Friday, June 10, 2011

The Videovangaurd presents: The Retro Review Double Feature. The Umbrellas of Cherbourg and Belle Du Jour.

Hello everyone.  This retro review is going to be different because I am going to focus on not one but two movies.  Each of them will star Catherine Deneuve but both of them will have completely different performances.

Remember you can click on each title to purchase it from Amazon.

The Umbrellas of Cherbourg

                               (Photo:  Fox Lorber Home Video)

Cast:  Catherine Deneuve, Nino Castelnuovo

Writer and Director: Jacques Demy

***and a 1/2 *'s out of four

Let me start off this review by stating that I am not a fan of musicals.  I find a lot of them to be very annoying and the songs are just horrible.  "The Umbrellas of Cherbourg" is a movie I should despise because the whole entire movie has nothing but singing in it.  There is not one word of spoken dialogue throughout the whole thing.   At first I found this to be kind of lame because none of the lyrics are put to any type of song structure.  The music by Michael Legrand makes it sound like it could be a song but when you listen to it closely. It sounds more like words being sung than an actual musical number.    But as I got more into the story I found myself concentrating more on the actors performances and found the singing really helps enhance the characters' emotions more than actual dialogue could do.  This is one of the best movies I have seen and I hope it gets a release on Blueray soon.

The  story centers around a young couple(Catherine Deneuve, Nino Castelnuovo) very much in love. They talk(sing) about what they would like to name their kids, and where they would want to live. It's all very colorful and innocent.   Despite some harmless bickering from the girl's mother(Anne Vernon) who feels her daughter could choose a better mate.  The two seemed to be destined to be together.   Than word comes around that the boy has been drafted in the army and would have to leave.   While apart the two begin meeting new people and even though they are nice.  Our young couple stays strong in the hopes they will see each other again very soon.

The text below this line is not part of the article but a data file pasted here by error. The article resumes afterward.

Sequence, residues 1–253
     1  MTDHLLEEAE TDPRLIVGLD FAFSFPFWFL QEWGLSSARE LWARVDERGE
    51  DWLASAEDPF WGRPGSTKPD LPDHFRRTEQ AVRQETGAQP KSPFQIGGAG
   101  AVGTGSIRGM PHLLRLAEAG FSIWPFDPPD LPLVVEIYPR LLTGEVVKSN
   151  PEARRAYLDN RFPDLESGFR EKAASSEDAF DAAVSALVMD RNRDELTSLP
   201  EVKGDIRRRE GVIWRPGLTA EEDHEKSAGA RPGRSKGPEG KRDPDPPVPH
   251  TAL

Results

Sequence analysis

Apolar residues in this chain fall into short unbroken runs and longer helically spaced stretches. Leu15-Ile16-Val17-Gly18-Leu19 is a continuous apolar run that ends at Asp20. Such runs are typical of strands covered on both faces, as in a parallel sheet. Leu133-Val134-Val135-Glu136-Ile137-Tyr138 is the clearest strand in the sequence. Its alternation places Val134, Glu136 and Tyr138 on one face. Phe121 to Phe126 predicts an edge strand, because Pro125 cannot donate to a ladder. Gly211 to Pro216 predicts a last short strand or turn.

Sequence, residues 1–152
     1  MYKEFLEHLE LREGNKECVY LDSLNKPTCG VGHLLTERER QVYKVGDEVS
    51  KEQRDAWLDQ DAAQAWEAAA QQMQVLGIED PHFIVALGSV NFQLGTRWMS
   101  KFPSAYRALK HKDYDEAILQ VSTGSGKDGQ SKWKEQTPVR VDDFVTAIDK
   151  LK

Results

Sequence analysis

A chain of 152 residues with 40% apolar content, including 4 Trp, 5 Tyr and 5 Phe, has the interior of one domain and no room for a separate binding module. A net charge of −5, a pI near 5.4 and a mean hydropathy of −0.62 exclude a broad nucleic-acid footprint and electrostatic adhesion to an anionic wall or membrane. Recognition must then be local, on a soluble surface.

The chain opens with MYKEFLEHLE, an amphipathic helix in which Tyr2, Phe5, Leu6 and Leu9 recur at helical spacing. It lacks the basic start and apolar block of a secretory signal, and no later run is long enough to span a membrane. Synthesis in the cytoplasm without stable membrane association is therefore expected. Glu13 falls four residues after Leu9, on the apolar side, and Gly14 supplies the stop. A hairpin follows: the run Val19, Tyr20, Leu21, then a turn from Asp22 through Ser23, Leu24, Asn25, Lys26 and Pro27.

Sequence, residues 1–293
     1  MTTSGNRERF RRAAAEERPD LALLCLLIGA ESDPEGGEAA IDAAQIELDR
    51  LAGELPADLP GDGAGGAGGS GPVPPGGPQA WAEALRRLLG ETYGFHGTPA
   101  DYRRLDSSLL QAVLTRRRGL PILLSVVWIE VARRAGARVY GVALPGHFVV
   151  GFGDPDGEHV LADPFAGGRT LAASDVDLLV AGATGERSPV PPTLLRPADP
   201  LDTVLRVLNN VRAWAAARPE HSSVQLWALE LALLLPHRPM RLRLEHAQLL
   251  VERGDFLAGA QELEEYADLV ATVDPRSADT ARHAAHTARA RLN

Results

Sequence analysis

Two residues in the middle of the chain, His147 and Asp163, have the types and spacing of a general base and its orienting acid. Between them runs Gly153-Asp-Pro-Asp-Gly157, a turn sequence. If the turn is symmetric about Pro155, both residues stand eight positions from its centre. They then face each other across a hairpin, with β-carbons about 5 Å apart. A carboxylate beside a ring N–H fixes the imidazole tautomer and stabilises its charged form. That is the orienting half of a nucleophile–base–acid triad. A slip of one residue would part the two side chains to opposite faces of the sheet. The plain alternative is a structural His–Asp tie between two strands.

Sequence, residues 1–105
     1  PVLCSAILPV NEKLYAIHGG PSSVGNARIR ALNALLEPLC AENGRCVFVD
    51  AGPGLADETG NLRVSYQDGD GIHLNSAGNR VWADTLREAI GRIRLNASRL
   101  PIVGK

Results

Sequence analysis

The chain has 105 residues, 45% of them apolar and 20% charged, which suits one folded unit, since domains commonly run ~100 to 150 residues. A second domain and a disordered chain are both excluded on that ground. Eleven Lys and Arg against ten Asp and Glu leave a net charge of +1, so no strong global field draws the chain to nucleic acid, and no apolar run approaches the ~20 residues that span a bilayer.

I could delve more into the story, but this is a movie that you will either see or you won't.  Many of you will pass on it because it's a musical.  A lot of you won't see it because it's in french with subtitles.  The performances from all the lead actors are all very good.  It's not easy to covey spoken dialog into a song and still convey such strong emotions when you do.   The cinematography from Jean Rabier is just stunning.  The color of France in the 60's just seem to pop like strawberry bubblegum.    This is the type of movie that Blueray was made for.  The setting and the costume along with the soundtrack would be stunning in 1080p high definition. 

Belle De Jour

                                (Photo.  Miramax Films)

Cast: Catherine Deneuve, Jean Sorel

Writers: Joseph Kressel(Novel),Luis Bunuel, Jean-Claude Carriere

Director: Luis Bunuel

** and a 1/2 *'s out of four

Belle de Jour  is a movie that is going to confuse many viewers.  Hell it still confuses me to this day.  It's about the sexual identity and confidence of a woman yet it's been claimed to be misogynistic in it's approach.  I'm not going to reveal too much about the plot because the decisions the main character chooses are far more interesting to watch rather than read about it.

The plot has Catherine Deneuve as a woman who is married to a nice guy but hasn't had a real orgasm in quite a long time.  She dreams of more darker sexual acts where her husband  and another man basically  tie her up and rape her.  This act of male domination excites her but she is way to ashamed to admit this to anyone much less her husband.  The lack of sex in their marriage drives the young woman to work in a brother under the name Belle.

The movie's ending is very ambiguous because the end scene is also where the movie begins.  Asking the audience to decide if what happened was actually real or just merely a fantasy.  This move was met with controversy when it was released in 1967.  This was just before the woman's right movements and to have a character express her sexual enjoyment of being submissive was quite a shock.  I found myself at many times wanting to shout at her and tell her to get out of that brothel, but than I would be just as dominating as some of the other men who would like to take control of her.  

I could not find a trailer of this to put on here, but I was able to find the next best thing.

Garbage- "Tell me where it hurts"  Music Video( A great homage to the movie "Belle De Jour")

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